Amazon Prime Video Gulaabo Sitabo

Despite the film industry having come to a standstill, it’s been an eventful week. Amazon Prime Video announced that a string of anticipated films – including Gulabo Sitabo and Shakuntala Devi – that were due for theatrical release, will now release exclusively on their platform.

This move confirmed fears that have been brewing for some time now among exhibitors, that in a world where uncertainty is the only constant, producers will opt for a direct digital release rather than hold firm with theatres which show no signs of starting back up anytime soon. This expectedly led to a string of debates, Twitter spats and strongly-worded statements by multiplex chains and producers.

While many are taking sides, we wanted to look at the finer details and wider implications of this development and how it could shake things up going forward. So here are 8 questions we had about the impact of films getting a direct to digital release:

How much are streaming platforms acquiring new movies for?

Previously, a big-ticket mainstream film would sell its theatrical rights to an OTT platform after its theatrical run and box office collections. For some big films, the deals are also pre-decided. But how does direct acquisition of a film that has stars like Amitabh Bachchan and Ayushmann Khurrana work? Is it twice what it would have been? Is it simply the cost of production with an attached mark up? Are projected box office figures taken into account? Since there’s no precedent to this, it will be interesting to know how these deals are being arrived at.

Could this be the thing that has OTT platforms breakout as a mass medium?

Streaming is still considered to be a medium restricted to urban centres and upper-middle-class audiences. It hasn’t broken out into every corner of the country like cinema. But in a world where even big films with leading stars like Akshay Kumar’s Laxmmi Bomb (which has reportedly also been acquired by a platform) are going to OTT platforms, could this be the definitive swing that makes the wider cinema audience take to streaming in a big way?

How will this affect subscription prices?

It has been pointed out that annual subscriptions to some streaming platforms is cheaper than the travel + popcorn + ticket for 1 theatrical film viewing. But if mainstream Bollywood films going to streaming becomes the new normal at some point, is there a possibility that our subscription prices will also increase? Or will the increased cost to the platform be off-set by the increase in the number of subscribers?

How will this impact piracy?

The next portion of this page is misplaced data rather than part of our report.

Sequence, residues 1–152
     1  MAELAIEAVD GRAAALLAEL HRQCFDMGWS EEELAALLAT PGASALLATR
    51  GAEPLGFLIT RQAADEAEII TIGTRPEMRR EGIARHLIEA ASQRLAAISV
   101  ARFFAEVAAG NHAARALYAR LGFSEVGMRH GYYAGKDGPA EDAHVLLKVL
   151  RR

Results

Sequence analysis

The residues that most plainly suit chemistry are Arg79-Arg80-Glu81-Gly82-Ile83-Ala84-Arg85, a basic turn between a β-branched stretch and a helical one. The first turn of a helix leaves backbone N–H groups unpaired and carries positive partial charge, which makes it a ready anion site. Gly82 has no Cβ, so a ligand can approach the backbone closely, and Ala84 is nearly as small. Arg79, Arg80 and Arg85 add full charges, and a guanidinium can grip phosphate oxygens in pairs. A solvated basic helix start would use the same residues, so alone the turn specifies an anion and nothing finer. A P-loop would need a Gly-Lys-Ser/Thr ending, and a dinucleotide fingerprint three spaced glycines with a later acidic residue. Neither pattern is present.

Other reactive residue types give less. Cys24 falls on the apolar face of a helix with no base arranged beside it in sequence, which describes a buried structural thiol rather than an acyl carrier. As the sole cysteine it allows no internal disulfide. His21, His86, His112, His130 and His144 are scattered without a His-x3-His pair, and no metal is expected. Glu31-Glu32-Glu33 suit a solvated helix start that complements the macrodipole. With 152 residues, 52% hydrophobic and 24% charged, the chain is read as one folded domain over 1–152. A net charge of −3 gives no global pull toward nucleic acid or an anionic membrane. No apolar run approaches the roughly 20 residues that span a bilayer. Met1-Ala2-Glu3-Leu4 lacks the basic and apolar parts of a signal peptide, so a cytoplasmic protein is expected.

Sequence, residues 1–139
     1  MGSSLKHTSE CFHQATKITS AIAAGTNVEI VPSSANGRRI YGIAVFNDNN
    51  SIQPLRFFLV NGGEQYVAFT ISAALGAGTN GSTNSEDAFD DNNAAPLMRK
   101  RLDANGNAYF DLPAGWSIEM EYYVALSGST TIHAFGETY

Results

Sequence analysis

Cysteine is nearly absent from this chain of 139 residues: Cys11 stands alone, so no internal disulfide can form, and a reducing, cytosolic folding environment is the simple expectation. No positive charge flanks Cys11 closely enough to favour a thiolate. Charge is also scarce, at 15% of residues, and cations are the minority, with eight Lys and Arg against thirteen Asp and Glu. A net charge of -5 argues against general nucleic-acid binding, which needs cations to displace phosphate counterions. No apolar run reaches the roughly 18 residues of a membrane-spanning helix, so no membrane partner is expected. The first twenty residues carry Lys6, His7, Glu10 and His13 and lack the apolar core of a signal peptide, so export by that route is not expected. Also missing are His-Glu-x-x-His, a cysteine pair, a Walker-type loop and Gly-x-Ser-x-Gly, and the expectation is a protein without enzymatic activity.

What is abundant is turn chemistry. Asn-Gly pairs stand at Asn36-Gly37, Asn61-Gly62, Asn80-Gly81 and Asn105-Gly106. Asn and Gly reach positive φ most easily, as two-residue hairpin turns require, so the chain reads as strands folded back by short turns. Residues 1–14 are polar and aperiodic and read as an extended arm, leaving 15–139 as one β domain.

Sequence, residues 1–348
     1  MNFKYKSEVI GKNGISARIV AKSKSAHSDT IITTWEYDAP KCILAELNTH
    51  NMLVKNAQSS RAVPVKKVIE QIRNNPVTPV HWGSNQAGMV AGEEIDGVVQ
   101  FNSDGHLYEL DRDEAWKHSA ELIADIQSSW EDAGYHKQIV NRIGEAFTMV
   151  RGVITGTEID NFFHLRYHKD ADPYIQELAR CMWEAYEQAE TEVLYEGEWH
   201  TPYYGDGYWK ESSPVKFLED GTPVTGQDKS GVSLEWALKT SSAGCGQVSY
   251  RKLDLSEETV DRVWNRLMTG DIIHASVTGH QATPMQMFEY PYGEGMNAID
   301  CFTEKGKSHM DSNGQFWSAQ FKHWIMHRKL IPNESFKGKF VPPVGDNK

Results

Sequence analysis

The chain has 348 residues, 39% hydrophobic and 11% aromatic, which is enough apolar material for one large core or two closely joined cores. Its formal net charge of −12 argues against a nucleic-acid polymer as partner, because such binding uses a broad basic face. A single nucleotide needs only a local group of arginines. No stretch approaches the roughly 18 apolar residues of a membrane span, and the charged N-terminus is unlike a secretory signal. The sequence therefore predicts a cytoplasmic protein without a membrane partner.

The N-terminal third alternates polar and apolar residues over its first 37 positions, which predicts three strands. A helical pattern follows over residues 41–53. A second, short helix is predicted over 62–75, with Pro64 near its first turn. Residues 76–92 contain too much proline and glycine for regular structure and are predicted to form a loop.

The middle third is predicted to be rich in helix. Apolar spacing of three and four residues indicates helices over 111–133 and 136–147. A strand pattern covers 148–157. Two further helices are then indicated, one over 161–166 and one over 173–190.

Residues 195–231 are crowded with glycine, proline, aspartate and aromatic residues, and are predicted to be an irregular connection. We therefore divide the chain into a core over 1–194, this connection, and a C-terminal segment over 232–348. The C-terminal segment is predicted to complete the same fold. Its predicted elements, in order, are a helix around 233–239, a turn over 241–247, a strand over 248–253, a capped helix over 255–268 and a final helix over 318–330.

Film piracy is rampant in the film industry and has long been considered a significant force in curbing potential box office revenues with many films getting leaked online soon after their release. But in a world of films going directly online, where it’s presumably easier to rip movies (most pirated websites have the latest Netflix content days after they release) could this lead to an uptick in piracy?

Could this change the kinds of films being made?

Platforms have already been commissioning straight to digital films for some time now. These are designed for digital viewing and don’t fit the set theatrical structure such as the use of interval cliff hangers. But if uncertainty in the exhibition sector continues in the long run, could we see a lot more films being produced and designed for direct to digital release? Could smaller, mid-budget films start being seen as ‘OTT films’ and the theatrical tag be attached only to tentpoles?

Shakuntala Devi

What does success look like for straight to OTT films?

In an industry where success is determined by opening weekend figures and lifetime collections, what does success look like for films that release straight on OTT? Streaming platforms famously never reveal viewership data on their content. When an actor’s fees are determined by opening collections, how will the industry gauge the success of these films?

Will this change the demand for theatres?

The fundamental questions that has the industry buzzing and exhibitors worried – could this move lead to a new normal and where the audience gets used to having access to big releases at their fingertips? Remember Jio’s announcement of its First Day First Show?

How this will impact the viewing experience?

The big screen experience is sacred for many of us – it gives us the joy of being wholly invested in what’s happening on the screen for 3 hours with an interval in between. Streaming makes for a more casual viewing experience. It lends itself to bad habits such as pausing, skipping, taking frequent breaks, watching movies in parts and so on. Could this move permanently alter the way we consume and engage with movies?

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